Fig. 6. Altitudinal distribution of thickness changes of nonsurging (a, c and e) and surging (b, d and f) glaciers over the western, central and eastern WKM. Error bars present Std dev. of glacier height changes in each elevation bin.

In the elevation bins above 5600 m, nonsurging glaciers over the western WKM show rather constant thickening rates (Fig. 6a), whereas small thinning rates are observed for nonsurging glaciers over the central and eastern WKM (Figs. 6c, e). Although the surging glaciers over the western and eastern WKM exhibit significant thickening rates in each elevation bin below 5600 m (Figs 6b, f), several thinning rates are found in the surging glaciers in the central WKM at elevation bins below 5300 m (Fig. 6d)

Surface elevation changes vary significantly both within and between glaciers. The western branch of Kunlun Glacier, for example, has high thinning rates at middle elevations and elevation increases larger than 40 m at its terminus (Fig. 7a). More typical patterns of thinning at the terminus and slight elevation gains in the accumulation area are observed over Gongxing and West Kunlun Glaciers (Fig. 7b). A switch between quiescent and surging phases of the Zhongfeng Glacier is demonstrated by thinning at the terminus and thickening in its middle elevations in 1980–99 (Fig. 7d), followed by thinning in the middle elevations and bulging at the glacier terminus after 2003 (Yasuda and Furuya, 2013; Ke and others, 2015).

Fig. 7. Surface elevation changes for (a) Kunlun Glacier, (b) Gongxing Glacier and West Kunlun Glacier, (c) Yulong Glacier and Bulakebashi Glacier, and (d) Zhongfeng Glacier.

Strong thickening in the downstream part and significant thinning over the upstream part are observed on a few glaciers, for example Bulakebashi Glacier (Fig. 6c), Yulong Glacier (Fig. 6c), Chongce Glacier, Kunlun Glacier and N6 Glacier, which are characteristic of surging glaciers.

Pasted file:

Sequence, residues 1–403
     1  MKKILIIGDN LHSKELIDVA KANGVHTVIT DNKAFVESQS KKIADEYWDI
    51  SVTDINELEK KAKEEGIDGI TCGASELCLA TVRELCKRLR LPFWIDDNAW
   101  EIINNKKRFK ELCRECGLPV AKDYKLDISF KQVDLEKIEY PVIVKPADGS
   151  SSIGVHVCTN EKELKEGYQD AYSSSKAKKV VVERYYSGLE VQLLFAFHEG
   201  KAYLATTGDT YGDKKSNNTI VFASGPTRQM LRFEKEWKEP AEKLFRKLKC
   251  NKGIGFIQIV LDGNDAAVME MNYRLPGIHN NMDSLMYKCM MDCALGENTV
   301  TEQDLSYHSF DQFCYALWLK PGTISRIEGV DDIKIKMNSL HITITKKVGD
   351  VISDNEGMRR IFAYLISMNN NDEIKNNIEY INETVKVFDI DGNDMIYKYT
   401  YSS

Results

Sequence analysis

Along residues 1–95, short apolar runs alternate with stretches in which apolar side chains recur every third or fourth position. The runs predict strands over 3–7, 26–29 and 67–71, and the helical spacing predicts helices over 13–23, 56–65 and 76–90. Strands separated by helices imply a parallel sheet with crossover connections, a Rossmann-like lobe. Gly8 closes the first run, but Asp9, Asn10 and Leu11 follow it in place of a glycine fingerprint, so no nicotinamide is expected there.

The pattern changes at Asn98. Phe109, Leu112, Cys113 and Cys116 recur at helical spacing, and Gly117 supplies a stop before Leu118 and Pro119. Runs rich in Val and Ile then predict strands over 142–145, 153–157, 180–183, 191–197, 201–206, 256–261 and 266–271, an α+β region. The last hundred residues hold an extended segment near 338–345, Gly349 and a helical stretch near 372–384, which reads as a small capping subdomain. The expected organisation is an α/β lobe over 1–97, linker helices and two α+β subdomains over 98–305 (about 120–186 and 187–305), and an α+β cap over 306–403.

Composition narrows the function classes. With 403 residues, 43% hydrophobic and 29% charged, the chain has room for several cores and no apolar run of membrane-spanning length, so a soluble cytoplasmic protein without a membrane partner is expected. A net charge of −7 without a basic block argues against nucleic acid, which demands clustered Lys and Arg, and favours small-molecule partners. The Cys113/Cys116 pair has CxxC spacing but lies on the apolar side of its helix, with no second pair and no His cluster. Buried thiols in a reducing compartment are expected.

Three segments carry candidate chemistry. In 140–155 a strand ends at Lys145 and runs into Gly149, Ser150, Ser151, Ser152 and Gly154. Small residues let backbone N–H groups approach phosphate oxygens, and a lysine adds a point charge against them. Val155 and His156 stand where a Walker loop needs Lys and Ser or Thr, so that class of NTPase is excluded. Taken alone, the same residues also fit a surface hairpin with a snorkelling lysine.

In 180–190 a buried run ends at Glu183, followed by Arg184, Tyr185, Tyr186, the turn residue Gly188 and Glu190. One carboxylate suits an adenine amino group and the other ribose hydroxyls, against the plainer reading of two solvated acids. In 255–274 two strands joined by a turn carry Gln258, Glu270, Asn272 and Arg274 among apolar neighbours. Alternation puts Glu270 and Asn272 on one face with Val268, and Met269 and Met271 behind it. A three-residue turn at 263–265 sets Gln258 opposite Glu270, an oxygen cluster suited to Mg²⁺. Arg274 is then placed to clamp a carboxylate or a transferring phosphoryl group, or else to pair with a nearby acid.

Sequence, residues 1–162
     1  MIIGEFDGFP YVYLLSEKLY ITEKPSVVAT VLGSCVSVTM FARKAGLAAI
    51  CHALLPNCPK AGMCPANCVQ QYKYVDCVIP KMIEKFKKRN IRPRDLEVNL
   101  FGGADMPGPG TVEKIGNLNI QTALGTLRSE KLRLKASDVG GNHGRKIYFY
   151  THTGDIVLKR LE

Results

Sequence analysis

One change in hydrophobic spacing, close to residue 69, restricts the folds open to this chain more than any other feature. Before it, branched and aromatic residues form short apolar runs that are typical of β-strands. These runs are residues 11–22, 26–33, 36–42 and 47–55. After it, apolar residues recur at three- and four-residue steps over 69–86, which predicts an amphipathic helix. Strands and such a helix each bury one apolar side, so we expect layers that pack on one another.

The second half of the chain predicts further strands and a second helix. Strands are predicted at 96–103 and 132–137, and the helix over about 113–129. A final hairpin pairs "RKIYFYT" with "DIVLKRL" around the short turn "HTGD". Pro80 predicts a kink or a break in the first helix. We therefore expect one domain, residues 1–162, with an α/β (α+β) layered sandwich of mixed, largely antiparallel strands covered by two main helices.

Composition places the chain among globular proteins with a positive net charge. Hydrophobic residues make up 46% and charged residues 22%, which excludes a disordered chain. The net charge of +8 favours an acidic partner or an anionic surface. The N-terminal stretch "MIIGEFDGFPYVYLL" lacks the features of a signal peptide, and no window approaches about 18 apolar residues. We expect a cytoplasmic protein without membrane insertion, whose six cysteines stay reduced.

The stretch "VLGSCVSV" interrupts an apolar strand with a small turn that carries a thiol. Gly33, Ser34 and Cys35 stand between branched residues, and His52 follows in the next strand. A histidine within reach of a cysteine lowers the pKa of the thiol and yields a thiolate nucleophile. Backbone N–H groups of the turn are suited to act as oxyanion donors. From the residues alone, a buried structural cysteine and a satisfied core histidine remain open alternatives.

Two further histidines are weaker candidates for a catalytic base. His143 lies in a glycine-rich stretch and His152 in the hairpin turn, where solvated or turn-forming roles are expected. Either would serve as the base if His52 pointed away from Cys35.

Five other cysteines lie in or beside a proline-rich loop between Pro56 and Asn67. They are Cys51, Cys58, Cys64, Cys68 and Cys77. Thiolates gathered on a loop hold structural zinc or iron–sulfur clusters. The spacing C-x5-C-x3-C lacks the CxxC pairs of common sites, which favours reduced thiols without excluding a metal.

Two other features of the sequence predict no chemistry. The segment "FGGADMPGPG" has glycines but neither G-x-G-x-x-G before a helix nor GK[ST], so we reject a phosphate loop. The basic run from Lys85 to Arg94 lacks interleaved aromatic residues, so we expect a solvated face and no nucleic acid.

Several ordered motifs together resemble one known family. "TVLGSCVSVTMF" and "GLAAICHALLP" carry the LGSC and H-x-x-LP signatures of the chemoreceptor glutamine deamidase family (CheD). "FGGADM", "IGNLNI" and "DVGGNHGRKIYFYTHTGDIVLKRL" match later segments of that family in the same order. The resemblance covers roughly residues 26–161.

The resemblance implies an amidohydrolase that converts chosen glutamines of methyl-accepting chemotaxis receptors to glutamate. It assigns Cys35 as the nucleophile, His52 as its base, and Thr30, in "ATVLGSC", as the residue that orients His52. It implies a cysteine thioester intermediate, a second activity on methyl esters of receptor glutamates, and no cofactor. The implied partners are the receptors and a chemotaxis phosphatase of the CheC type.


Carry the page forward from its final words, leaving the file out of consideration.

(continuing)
5. DISCUSSION

5.1. Glacier area and surface elevation change

Glacier outlines of the CGI from GLIMS, which are published in 2002 and are based on topographical maps obtained from aerial photographs from the 1950s to the 1980s (Shi and others, 2010), have potential application for the investigation of glacier changes. However, the quality of the CGI is reported to be poor based on comparison with Landsat 8 OLI images over WKM (Ke and others, 2015). Therefore, we do not use the inventory data, but manually digitize the boundaries of glaciers on the topographical maps. Because of the possible uncertainty in the boundaries of glaciers presented on the topographic maps (Bolch and others, 2010), we further correct the outlines based on Landsat MSS images. Combined with Landsat 8 OLI images in 2016, the determined area change reduction of both surging and nonsurging glaciers is −3.6 ± 4.8% (−0.07 ± 0.1% a−1) in the last 40 years, which is comparatively small and within the calculation uncertainty. The slight area reduction rate agrees well with the previously published results from Ji and others (2013), Wei and others (2014) and Bao and others (2015). However, our calculated shrinkage rate (−0.07 ± 0.1% a−1) is higher than the area decrease rate (~ −0.02% a−1) from 1970 to 2000 determined by Shangguan and others (2007). The different glacier area shrinkage rate may result from the different investigation period, the uncertainty in glacier extent from the Chinese topographic maps (Bolch and Schneider 2010) and the difficulty in the glacier interpretation based on the coarser resolution Landsat imagery. Furthermore, a detailed assessment of glacier extent uncertainty is absent in Shangguan and others (2007). Compared with multi-decadal glacier shrinkage rates of −0.57 to −0.40% a−1 found for High Mountain Asia (Cogley, 2016), the WKM glacier area shrinkage rate is an order of magnitude lower (Table 3).